Malcolm Waters - 'loved this place with a passion'
Central Coast Council has approved an application for a memorial seat on the Patonga foreshore to acknowledge the outstanding contribution of the late Mr Malcolm Waters to the community.
The application was submitted by his wife Ms Shirley Waters.
In her application, she described his life at Patonga and his community service.
"My late husband Malcolm Anthony Waters and myself purchased the property in Patonga in about June 1990," she wrote.
"It was used on a very regular basis as a weekender until April 2003 when the old home was demolished and the existing one built from which time it has been our permanent place of residence.
"Malcolm's youngest was 18 months old when we arrived in Patonga and he spent practically every weekend in his boat or playing with his youngest son on the shores of Patonga.
"He loved this place with a passion.
"He admired its beautiful shores and the National Park which encompassed it.
"In his latter life, he also enjoyed a weekly drink on 'locals night out' at the pub in Patonga where he was widely known and respected.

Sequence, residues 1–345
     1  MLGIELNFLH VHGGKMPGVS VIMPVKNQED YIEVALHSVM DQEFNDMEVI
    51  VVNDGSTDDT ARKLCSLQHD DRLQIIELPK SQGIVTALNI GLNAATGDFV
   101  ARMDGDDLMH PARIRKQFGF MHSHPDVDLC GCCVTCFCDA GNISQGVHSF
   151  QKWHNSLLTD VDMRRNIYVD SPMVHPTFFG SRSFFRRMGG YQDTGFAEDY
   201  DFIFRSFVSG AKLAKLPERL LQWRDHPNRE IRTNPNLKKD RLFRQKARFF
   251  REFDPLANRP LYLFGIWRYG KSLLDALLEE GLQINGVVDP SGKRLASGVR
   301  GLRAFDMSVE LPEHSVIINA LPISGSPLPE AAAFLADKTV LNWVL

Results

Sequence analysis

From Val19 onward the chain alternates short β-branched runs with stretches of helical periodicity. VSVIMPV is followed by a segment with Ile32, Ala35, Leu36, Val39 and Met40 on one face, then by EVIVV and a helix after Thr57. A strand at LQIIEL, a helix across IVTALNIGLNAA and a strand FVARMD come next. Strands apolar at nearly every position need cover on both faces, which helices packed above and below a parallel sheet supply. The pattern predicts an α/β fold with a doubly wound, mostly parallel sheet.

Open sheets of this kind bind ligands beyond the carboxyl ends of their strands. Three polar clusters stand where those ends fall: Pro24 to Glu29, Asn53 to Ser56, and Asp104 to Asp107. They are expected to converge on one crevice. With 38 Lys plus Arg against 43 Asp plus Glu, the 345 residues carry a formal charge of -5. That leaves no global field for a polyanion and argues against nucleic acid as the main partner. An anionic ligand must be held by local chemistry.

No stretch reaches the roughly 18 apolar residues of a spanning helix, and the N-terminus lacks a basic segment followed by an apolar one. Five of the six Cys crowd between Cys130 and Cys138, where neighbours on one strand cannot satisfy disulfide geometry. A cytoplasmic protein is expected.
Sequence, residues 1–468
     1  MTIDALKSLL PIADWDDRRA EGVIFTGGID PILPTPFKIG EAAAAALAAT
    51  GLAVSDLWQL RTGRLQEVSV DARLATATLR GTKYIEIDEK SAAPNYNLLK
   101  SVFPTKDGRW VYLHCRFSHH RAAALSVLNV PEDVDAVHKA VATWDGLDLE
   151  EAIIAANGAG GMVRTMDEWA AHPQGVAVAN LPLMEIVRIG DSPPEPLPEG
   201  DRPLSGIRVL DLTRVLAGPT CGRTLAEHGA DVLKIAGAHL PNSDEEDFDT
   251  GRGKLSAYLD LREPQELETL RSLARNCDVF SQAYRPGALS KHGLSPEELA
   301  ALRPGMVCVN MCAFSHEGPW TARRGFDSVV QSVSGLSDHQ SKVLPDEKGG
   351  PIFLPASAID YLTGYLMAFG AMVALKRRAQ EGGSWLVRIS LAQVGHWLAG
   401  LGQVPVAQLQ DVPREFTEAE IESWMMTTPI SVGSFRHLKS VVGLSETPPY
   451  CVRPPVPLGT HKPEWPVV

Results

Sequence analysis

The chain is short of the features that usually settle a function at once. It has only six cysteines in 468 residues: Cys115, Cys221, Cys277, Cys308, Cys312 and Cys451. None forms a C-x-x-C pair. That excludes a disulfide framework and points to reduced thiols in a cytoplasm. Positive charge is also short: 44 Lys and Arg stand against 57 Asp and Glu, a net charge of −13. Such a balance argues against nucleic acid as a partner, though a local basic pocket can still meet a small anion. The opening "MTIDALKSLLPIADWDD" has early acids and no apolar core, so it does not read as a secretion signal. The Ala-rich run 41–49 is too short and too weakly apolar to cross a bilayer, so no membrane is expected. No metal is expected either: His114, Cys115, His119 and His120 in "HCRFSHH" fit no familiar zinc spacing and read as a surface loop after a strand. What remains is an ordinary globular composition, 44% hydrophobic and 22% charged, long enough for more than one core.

"Malcolm was born in Sydney on the 5 November 1933.
"His father Alan John Waters enlisted in the second world war when Malcolm was seven years old and died at Sandakan , Borneo, as a prisoner of the Japanese on June 9, 1945.
"His mother then became a single parent who brought up five children.
"Malcolm obtained a scholarship from Legacy and completed a law degree at Sydney University in 1956.
"When I joined Malcolm's busy legal practice in 1977, he still found time once a month to volunteer as a duty solicitor at Minda Childrens Court, Lidcombe, to appear on behalf of children who needed legal representation
"He gave up court work in the early 1980s due to hearing problems.
"When Malcolm retired in July 2003, he saw a local newspaper advertisement for volunteers for the Woy Woy Meals on Wheels, which duties involved delivering meals to various rostered homes and also checking on the recipient's wellbeing.
"This he performed for about 15 years and gave this up at the age of 85.
"In 2008, he again saw an advertisement in the local newspaper calling for volunteers for the Gosford Red Cross teleservice.
"He then became a Telecross volunteer for about 13 years.
"This entailed him ringing a designated person every morning at about 8am to check on their wellbeing and to confirm such call back to the Red Cross.
"He did this up to shortly before his death.
"Malcolm in the latter years of his retirement suffered poor health, with a heart attack, strokes, a brain aneurysm and cancer but he never let this get in the way of his volunteer work.
"He considered it not a duty but a privilege to make a small difference to people in such need.
"Malcolm was the father of five boys and cancer took his life on March 26, 2021."
Central Coast Council agenda 2.3, 9 Nov 2021